Recently, Peggy shared her personal and professional journey with WiFA members via Webex. She elaborated on her experience on building Lynk, with her co-founders, into a global network of more than 630,000 experts covering a large range of industries, specialisations and markets, to “democratize access to knowledge”, allowing companies to access the latest thought leadership and expertise, providing insight and advice, through a range of strategic consultation options.
Peggy spoke about her background, with artist-turned-gallery-owner parents, who instilled a passion for art, and an entrepreneur mindset, encouraging her to think creatively and not being tied to main-stream options, even when considering her education. With a unique combination of data and art subjects in college, she was able to develop different perspectives, to give her a broad understanding of how various problems can be solved. This has continued throughout her career.
Starting in Investment Banking, moving in to Private Equity firms and operating through the Global Financial Crisis, Peggy outlined how she developed her ideas around triangulation of information, research, connection to people ‘on the ground’ to understand the importance of how facts can vary in different contexts. It became clear to her that connections and the right conversation adds significant value, especially when speaking with ‘experts’. When Peggy’s parents asked for business advice, she never felt like an “expert”, but realised that all businesses should be able to easily access expertise and tailored advice, regardless of size. The recognition that this access to knowledge is meaningful when done on scale, was critical to Lynk being born.
Lynk prides itself of being ‘anti-disciplinary’, meaning that there is no specific way of thinking of a solution, having a mindset set to connect the dots, using experience and expertise to be creative in getting to the final destination. When coupled with ‘resilience’ and ‘self-awareness’, the consultants working with Lynk are helping its client base of 100+ enterprise customers (including Fortune 500 companies) to use their knowledge to provide support and guidance for short- and longer-term engagements to build strategic concepts, business strategies, or problem-solve small-scale issues and questions.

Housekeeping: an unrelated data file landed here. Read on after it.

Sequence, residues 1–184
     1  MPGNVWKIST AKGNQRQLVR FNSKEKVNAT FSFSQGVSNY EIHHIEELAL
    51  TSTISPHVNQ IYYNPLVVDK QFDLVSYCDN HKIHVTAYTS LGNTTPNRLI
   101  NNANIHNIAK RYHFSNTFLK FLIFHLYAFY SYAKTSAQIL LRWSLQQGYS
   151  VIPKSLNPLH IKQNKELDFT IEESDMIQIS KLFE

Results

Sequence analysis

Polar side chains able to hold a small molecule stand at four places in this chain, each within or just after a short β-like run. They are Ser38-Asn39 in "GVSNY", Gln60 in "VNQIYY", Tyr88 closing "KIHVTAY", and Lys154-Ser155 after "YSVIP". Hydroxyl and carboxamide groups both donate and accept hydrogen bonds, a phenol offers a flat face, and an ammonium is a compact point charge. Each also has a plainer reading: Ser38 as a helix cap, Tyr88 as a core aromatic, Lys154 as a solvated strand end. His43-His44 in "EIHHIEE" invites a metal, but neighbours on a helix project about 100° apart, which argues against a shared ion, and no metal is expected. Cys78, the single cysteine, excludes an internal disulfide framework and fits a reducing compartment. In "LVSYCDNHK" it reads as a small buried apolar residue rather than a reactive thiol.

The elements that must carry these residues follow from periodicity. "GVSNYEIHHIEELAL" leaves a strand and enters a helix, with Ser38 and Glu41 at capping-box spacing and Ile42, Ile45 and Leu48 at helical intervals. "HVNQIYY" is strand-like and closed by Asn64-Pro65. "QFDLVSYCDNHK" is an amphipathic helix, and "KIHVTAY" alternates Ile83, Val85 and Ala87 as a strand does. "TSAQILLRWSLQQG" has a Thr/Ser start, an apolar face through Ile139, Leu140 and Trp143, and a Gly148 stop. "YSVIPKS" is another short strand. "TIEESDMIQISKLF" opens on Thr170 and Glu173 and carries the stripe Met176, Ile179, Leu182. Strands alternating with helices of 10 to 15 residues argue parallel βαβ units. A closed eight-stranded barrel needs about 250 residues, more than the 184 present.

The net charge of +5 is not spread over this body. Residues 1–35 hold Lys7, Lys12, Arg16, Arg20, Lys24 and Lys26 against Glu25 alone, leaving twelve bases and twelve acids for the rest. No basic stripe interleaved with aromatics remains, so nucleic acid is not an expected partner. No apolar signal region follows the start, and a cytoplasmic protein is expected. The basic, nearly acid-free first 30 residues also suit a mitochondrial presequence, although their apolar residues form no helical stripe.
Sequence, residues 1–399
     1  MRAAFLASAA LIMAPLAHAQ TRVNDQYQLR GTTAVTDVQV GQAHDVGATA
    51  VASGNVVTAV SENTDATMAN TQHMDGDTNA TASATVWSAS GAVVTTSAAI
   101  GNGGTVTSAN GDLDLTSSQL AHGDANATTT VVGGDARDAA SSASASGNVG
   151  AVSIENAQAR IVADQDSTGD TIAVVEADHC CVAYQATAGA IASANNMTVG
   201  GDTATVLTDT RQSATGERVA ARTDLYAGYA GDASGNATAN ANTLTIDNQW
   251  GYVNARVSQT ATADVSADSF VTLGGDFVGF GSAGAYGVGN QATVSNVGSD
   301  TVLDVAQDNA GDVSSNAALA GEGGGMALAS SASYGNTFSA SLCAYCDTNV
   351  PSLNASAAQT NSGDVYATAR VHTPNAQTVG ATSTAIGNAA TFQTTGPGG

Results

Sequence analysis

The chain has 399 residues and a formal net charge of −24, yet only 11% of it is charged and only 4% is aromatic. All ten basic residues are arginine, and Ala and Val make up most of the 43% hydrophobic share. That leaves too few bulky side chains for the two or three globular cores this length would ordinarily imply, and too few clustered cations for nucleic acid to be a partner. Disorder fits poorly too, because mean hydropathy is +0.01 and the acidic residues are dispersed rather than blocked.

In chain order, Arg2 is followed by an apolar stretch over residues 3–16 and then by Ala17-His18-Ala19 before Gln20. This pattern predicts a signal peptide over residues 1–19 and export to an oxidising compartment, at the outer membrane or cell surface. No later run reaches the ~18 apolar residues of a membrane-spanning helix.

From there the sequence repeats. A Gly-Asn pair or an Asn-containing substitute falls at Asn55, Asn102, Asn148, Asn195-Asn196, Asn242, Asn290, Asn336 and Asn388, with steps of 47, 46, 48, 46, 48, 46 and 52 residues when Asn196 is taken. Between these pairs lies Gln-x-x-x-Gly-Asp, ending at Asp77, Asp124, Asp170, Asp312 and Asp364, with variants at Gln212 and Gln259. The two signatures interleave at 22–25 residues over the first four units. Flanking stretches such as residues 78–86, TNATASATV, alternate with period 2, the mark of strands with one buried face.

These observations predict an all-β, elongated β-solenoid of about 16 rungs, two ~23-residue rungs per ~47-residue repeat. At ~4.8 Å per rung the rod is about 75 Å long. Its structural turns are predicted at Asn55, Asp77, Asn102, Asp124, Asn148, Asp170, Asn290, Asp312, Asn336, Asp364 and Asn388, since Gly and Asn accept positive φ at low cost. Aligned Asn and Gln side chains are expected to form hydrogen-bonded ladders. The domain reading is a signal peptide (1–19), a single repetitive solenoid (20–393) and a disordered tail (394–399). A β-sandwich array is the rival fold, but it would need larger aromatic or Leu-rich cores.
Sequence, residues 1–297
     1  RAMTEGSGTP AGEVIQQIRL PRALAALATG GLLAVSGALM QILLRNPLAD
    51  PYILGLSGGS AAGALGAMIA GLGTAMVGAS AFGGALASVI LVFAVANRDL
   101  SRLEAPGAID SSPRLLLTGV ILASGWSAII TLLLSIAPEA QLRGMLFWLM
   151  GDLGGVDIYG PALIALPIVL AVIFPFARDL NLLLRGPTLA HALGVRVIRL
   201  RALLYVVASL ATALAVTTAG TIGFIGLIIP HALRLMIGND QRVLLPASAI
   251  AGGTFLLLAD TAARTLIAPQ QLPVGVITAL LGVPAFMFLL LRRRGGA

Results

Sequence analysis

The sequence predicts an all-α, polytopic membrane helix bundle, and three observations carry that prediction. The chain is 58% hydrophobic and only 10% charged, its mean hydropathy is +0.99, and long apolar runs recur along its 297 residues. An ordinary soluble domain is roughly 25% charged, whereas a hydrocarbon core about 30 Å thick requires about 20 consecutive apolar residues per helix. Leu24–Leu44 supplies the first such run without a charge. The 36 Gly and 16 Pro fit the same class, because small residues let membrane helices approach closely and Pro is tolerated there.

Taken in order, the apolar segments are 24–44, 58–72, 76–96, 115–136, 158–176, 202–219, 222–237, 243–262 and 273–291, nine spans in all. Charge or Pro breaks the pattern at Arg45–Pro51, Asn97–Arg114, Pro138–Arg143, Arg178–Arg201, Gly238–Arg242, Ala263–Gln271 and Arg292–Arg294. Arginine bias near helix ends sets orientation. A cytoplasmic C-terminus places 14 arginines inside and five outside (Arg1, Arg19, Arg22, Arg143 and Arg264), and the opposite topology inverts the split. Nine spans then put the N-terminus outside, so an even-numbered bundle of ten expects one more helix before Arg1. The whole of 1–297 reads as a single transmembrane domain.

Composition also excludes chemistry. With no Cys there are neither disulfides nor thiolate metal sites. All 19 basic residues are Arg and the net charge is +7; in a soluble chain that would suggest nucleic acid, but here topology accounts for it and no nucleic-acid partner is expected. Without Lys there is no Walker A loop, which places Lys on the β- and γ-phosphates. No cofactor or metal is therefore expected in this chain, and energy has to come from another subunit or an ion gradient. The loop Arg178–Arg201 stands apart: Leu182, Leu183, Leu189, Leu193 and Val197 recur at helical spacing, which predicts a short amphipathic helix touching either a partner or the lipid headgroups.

Peggy shared some valuable lessons which have shaped her approach to building Lynk. By understanding that, while personal connections are important when working with consultants, there must be a data-driven approach to support the recommendations. Lynk’s platform allows for analysis and future projections on how companies and consultants will work together, and how proactive engagement can be built. Each engagement is seen as an opportunity to learn and develop for next time. The shift in the current market, with the current COVID-19 situation is changing the way firms operate. Peggy believes that consultative skills will be even more important as companies change their operating models to address ‘the new normal’.
Diversity is seen as critical to success for Peggy and Lynk. Not just from a gender perspective, but diversity in background, specialisation, nationality, language, etc. Since starting in 2015, Lynk now operates globally, from 8 offices, in 20+ languages, bringing diversity of culture to the platform, which in turn gives diversity of thought, one of the key strands of the Lynk offering.
Peggy concluded her talk by providing advice on how to become an ‘expert’, focusing on the recognition of your own knowledge and expertise. Recognise that you have experiences, as well as qualifications, which clients will be interested in, as you will be able to provide more market insight than they have. She shared that you do not need to know everything at once, you can build your ‘knowledge profile’ over time. Clients want their Lynk consultant to understand their perspective, as well as providing advice; by using your experiences and understanding that the facts can be interpreted differently, depending on the context, you will bring innovation and creativity to their table.
WiFA Thought Leadership Committee thanks Peggy for her time and insight for our first session!